In Russia’s media, censorship is silent; A new survey of 100 Russian journalists reveals their perceptions of professional challenges, objectivity and freedom.
(opendemocracy.net – Nataliya Rostova – November 23, 2016)
Nataliya Rostova is a visiting scholar at the Kennan Institute and author of the GorbyMedia project.
The idea of conducting a survey of Russian journalists came to me after seeing something similar in New York magazine, which earlier this year polled 113 people working in the US media on the problems and challenges they face. I thought it’d be interesting to compare the responses of journalists working on opposite sides of the Atlantic. On the one hand, you have the experience of a country where every schoolchild feels pride in the First Amendment, which forbids Congress to pass any legislation limiting freedom of speech and the press, and, on the other, experience from a country where censorship was officially banned only 26 years ago.
My survey of Russian journalists showed that 72% of respondents had encountered instances of censorship in their work; 87% agreed that it exists in Russia and 92% that the majority of Russian mass media outlets were biased. Eighty two percent see the post-2012 period as the worst for Russia’s media (and another 11% see Vladimir Putin’s first two terms in the same light), while 73% of respondents saw Boris Yeltsin’s presidency as the most positive for their work. Almost a quarter of respondents believe that there is no one to help them assert their rights.
Who are these people?
I invited potential respondents to participate on Facebook – most of the people who got back to me were journalists working for the quality press and media.
The survey was carried out via email, and 100 respondents took part. Eighty of them worked for privately owned media, 15 for state owned companies and seven for other types of media (the Colta.ru internet platform, Radio Liberty and BBC). Three people worked for a news agency; 51 in online publications; 47 in print publications and 10 each in radio and TV. Some respondents work in more than one media outlet, so the number of responses was higher than the number of respondents.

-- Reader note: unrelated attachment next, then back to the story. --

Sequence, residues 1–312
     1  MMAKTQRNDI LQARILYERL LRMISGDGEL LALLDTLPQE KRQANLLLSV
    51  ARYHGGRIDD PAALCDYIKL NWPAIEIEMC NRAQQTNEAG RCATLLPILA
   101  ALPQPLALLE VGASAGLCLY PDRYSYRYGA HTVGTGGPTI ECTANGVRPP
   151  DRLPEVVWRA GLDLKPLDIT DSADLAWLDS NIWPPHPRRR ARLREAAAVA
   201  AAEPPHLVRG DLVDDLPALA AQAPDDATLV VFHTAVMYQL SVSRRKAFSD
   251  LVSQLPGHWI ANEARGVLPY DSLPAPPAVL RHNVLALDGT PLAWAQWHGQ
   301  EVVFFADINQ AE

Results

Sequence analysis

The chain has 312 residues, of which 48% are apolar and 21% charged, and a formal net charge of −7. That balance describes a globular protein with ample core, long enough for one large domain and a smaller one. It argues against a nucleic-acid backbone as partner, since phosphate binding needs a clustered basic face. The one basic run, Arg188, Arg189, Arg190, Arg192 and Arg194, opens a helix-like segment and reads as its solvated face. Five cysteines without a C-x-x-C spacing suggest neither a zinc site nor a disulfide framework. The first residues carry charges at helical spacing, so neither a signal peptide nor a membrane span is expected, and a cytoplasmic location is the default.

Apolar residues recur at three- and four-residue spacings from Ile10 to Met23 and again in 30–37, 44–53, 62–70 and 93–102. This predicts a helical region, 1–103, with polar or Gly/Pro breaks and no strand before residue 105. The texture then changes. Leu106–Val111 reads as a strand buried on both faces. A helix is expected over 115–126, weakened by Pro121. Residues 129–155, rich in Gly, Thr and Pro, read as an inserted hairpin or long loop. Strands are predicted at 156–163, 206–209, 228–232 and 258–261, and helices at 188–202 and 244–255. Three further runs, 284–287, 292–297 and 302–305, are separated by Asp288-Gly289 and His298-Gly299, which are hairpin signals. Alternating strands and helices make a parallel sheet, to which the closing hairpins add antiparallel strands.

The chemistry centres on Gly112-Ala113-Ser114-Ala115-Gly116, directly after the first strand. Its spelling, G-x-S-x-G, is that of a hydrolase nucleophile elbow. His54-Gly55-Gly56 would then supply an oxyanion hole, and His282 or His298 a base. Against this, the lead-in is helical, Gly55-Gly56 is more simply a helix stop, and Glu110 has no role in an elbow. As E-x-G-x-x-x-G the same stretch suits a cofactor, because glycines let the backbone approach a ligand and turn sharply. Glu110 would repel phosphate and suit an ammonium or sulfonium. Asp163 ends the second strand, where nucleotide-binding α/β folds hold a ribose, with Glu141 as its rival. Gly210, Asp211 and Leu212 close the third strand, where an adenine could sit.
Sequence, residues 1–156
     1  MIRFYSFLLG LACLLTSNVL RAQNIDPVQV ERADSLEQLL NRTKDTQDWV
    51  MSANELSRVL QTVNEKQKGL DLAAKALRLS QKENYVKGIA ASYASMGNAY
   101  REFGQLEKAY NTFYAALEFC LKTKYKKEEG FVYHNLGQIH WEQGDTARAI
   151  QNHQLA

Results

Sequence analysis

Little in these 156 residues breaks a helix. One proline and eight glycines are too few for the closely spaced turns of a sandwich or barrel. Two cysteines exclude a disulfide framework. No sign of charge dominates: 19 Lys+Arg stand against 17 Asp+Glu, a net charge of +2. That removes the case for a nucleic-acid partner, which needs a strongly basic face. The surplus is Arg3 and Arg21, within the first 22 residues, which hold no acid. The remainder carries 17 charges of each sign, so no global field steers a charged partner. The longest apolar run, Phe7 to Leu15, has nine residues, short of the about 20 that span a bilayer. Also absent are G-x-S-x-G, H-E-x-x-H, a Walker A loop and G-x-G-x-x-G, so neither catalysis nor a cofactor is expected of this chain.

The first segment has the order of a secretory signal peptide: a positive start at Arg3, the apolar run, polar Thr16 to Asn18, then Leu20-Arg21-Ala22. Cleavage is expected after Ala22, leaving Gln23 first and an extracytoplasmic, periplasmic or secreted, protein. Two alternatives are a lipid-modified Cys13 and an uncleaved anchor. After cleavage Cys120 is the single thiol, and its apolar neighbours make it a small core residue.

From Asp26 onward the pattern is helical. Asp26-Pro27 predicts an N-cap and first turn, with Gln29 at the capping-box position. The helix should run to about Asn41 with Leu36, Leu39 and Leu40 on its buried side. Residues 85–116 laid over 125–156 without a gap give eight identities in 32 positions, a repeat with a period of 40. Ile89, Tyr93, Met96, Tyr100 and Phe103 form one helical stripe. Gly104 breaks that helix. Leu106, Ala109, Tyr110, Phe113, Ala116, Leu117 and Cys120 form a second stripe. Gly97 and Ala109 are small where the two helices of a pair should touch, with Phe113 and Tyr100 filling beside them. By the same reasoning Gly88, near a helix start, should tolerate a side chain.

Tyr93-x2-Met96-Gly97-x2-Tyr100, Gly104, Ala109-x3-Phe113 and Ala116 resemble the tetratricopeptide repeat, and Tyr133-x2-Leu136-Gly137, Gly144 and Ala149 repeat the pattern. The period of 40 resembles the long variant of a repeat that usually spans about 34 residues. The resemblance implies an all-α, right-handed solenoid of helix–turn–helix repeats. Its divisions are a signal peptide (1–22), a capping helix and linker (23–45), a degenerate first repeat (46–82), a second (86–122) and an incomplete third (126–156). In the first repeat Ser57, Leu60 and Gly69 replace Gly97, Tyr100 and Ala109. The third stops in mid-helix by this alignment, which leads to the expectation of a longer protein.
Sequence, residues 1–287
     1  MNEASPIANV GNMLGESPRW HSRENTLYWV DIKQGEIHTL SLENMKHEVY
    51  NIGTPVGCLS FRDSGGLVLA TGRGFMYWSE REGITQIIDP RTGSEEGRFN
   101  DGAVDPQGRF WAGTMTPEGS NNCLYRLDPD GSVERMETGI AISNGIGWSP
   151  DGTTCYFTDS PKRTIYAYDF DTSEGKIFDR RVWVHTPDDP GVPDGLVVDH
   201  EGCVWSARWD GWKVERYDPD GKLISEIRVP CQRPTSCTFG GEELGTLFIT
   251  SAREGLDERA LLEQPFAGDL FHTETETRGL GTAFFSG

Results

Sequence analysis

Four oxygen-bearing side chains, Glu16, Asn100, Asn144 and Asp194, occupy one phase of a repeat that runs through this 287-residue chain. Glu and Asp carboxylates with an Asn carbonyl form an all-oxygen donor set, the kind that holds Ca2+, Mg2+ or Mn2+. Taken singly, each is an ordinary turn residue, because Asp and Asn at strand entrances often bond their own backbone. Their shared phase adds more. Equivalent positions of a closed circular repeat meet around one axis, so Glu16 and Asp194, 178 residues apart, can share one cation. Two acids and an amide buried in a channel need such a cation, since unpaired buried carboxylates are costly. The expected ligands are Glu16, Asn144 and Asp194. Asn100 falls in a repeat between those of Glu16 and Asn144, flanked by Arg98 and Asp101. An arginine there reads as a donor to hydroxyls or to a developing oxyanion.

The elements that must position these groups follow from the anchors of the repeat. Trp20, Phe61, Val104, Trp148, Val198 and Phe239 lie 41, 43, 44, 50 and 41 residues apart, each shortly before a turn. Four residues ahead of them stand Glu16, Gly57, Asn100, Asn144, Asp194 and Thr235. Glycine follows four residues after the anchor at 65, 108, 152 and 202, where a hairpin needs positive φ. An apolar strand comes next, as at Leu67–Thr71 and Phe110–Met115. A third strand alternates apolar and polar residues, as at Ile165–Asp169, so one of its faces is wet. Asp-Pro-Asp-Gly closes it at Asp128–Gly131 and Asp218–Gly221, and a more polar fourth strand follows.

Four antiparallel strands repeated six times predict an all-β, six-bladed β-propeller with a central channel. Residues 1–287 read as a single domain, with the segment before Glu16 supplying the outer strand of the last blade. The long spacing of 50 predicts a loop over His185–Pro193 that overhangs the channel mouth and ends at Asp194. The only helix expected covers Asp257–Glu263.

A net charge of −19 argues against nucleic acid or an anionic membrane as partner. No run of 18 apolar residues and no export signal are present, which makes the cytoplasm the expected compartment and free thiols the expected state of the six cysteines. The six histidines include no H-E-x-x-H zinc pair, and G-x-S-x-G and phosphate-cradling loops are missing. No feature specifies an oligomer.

I limited respondents to people with 10 or more years experience in journalism. The largest group (44 people) began their careers under Yeltsin (1991-1999); 39 – during Putin’s first two terms (2000-2008). The rest had longer experience under their belts: 12 had started work under Mikhail Gorbachev (1985-1991); two under Yuri Andropov (1982-4) and two went back to the Brezhnev years (1964-1982).
What were their responses?
I asked 11 questions from the New York poll, and another nine with specific relevance to Russia (you can read the American results here). Some questions just required an answer; others allowed respondents to add comments.
My published results exclude narrowly specific questions about the influence of the internet and social media on journalism. It’s interesting, however, that the American and Russian journalists gave completely opposite responses to the same questions. 76% of the Americans said that the internet had been bad for journalism; the same percentage of Russians saw its influence as positive. There were less extreme differences in responses to the question of the influence of social media on their profession: 53% of the Americans and 74% of the Russians saw it as positive. I also excluded responses to a question about why people distrust the media – according to the independent Levada Center, a majority of Russians trust their country’s media.
My survey also showed that the Russian journalists who took part in the survey were much more likely than their American counterparts (68% as opposed to 37%) to believe that media standards had improved over the last 10 years. Both groups, however, agreed about the main function of journalism: 86% of US respondents and 83% of Russian journalists believe it lay in “telling its readership/audience what it needs to know, without fear of offending its interests”. The rest believed their role was to “respond to readership/audience demand”.
As for the specifics of journalism in Russia, it was telling that more than half of respondents felt that government-owned and -controlled media should only exist under certain conditions, and 26% – that they should not exist under any circumstances. Opinions also differed on Deputy Communications Minister Aleksey Volin’s belief that the function of journalists was to work for “your owner”. Thirty eight percent of those polled thought that this position could be explained by his personal biography; 17%, that it reflected wishful thinking on his part and almost a third that his pronouncements mirrored the objective conditions in which the Russian media have to work.
You can read the full qualitative survey in Russian here:
Article also appeared at opendemocracy.net/od-russia/nataliya-rostova/in-russia-s-media-censorship-is-silent bearing the following notice:
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